By Paul Reynolds
World affairs correspondent, BBC News website
Protest against water-boarding in Washington
The latest revelations about CIA interrogations have put the advocates of coercive techniques onto the defensive.
The argument over such methods, especially "water-boarding", has raged since 9/11 as the Bush administration has fought to preserve what it regards as an effective way of getting information from al-Qaeda suspects.
Critics say the techniques are torture under both US and international law and should be banned.
The UN Convention on Torture defines torture as "any act by which severe pain or suffering, whether physical or mental, is intentionally inflicted on a person..." in order to get information.
The debate has been heightened by an ABC News interview with ex-CIA officer John Kiriakou, who said he took part in interrogating al-Qaeda prisoner Abu Zubaydah. He acknowledged that water-boarding, used in that case, does amount to torture.
It is now also known that in 2005 the CIA destroyed hundreds of hours of videotapes showing the interrogations of Abu Zubaydah and another al-Qaeda prisoner.
The legal state of play
The Bush administration accepts that torture is banned by US and international law and says it does not practise it.
However, the United States has not outlawed so-called "enhanced interrogation" techniques because the administration does not include enhanced interrogation in its definition of torture.
The "enhanced" techniques include not only water-boarding but sleep deprivation, subjection to cold and long periods of standing and some slapping.
Water-boarding involves a prisoner being stretched on his back, having a cloth pushed into his mouth and/or plastic film placed over his face and having water poured onto his face. He gags almost immediately.
CIA officials have been quoted as saying that water-boarding has been used on three prisoners since 2001 but on nobody since 2003.
CIA and water-boarding
The CIA Director Michael Hayden, who took office in May 2006, is reported to have discontinued water-boarding, but has refused to confirm that publicly. However, he did say in a recent interview: "It would be wrong to assume that the programme of the past is necessarily the programme moving forward into the future."
Congressional leaders have proposed a clause banning water-boarding in a bill to finance intelligence operations.
Difference between CIA and armed forces
The enhanced or coercive techniques, water-boarding included, are confined to the CIA. The US armed forces are not allowed to use them.
This was made clear in 2006 in a new army manual. It banned torture and degrading treatment of prisoners, including water-boarding, forced nakedness, hooding and sexual humiliation.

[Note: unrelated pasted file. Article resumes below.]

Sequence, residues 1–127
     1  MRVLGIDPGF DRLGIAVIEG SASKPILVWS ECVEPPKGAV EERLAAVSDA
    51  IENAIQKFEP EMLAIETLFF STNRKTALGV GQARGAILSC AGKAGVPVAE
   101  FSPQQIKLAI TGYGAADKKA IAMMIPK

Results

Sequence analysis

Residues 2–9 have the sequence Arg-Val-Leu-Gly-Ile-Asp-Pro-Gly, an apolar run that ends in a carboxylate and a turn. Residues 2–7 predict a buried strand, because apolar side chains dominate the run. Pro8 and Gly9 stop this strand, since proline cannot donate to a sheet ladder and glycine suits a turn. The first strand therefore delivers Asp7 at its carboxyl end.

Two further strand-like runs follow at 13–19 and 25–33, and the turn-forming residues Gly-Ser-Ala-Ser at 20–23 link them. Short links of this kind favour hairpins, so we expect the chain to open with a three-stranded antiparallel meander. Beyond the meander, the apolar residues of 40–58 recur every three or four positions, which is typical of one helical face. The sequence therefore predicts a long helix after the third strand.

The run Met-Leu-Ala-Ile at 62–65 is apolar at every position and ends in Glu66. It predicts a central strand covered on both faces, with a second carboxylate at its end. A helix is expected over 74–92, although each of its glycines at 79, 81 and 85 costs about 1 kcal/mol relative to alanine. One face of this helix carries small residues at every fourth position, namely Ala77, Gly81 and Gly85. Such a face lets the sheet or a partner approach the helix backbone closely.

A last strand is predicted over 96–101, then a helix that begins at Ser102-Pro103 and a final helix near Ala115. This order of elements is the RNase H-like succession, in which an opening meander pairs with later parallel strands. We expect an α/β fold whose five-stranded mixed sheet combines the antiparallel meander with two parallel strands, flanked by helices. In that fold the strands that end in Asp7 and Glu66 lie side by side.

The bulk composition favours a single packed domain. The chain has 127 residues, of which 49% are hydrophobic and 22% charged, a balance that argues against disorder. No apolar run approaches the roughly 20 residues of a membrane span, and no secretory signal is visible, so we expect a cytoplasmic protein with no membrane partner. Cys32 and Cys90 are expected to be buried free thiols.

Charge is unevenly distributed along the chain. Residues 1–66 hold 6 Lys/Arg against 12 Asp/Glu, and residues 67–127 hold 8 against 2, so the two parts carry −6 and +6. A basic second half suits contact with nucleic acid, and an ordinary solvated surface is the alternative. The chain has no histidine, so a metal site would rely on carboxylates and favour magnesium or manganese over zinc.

The manual's publication followed the passing of the Detainee Treatment Act in 2005, which prohibited the "cruel, inhuman, or degrading treatment or punishment" of detainees.
The president's order excluded the CIA
The CIA exclusion from all this was outlined in an executive order signed by President Bush in July 2007. This sought to define the American commitment to the Geneva Conventions' prohibition on cruel, humiliating and degrading treatment and torture.
The presidential order defined torture by reference to the US legal code. The code says it is an action "specifically intended to inflict severe physical
or mental pain or suffering".
John Kiriakou: "We probably shouldn't be ... doing this"
The order ruled out the use of torture as defined by the legal code and also listed other interrogation methods and practices that were not allowed.
These range all the way from murder and rape to acts of humiliation.
The banned methods did not however include the so-called enhanced interrogation techniques.
The order stated that the CIA was allowed to conduct a special "program of detention and interrogation".
An accompanying memorandum from the president is said to have listed the allowable methods, but this has not been made public.
Debate goes on
The argument is not over. Mr Kiriakou concluded: "Water-boarding is probably something that we shouldn't be in the business of doing. We're Americans, and we're better than that."
But he accepted that Abu Zubaydah had given up during water-boarding and had provided information he had previously refused to give (Abu Zubaydah later claimed he had made things up).
The issue dominated the congressional hearings this year into the appointment of Michael Mukasey as the new US Attorney general. He called water-boarding "repugnant to me" and promised a review of its use.
In 2006, Vice-President Cheney defended water-boarding.
Asked on a radio programme whether "a dunk in water is a no-brainer if it can save lives?" he replied: "Well, it's a no-brainer for me, but for a while there I was criticised as being the vice-president for torture. We don't torture."
On the other hand, Senator and Republican presidential candidate John McCain, who was tortured by the North Vietnamese as a prisoner of war, has said that water-boarding is torture: "It no different than holding a pistol to his head and firing a blank."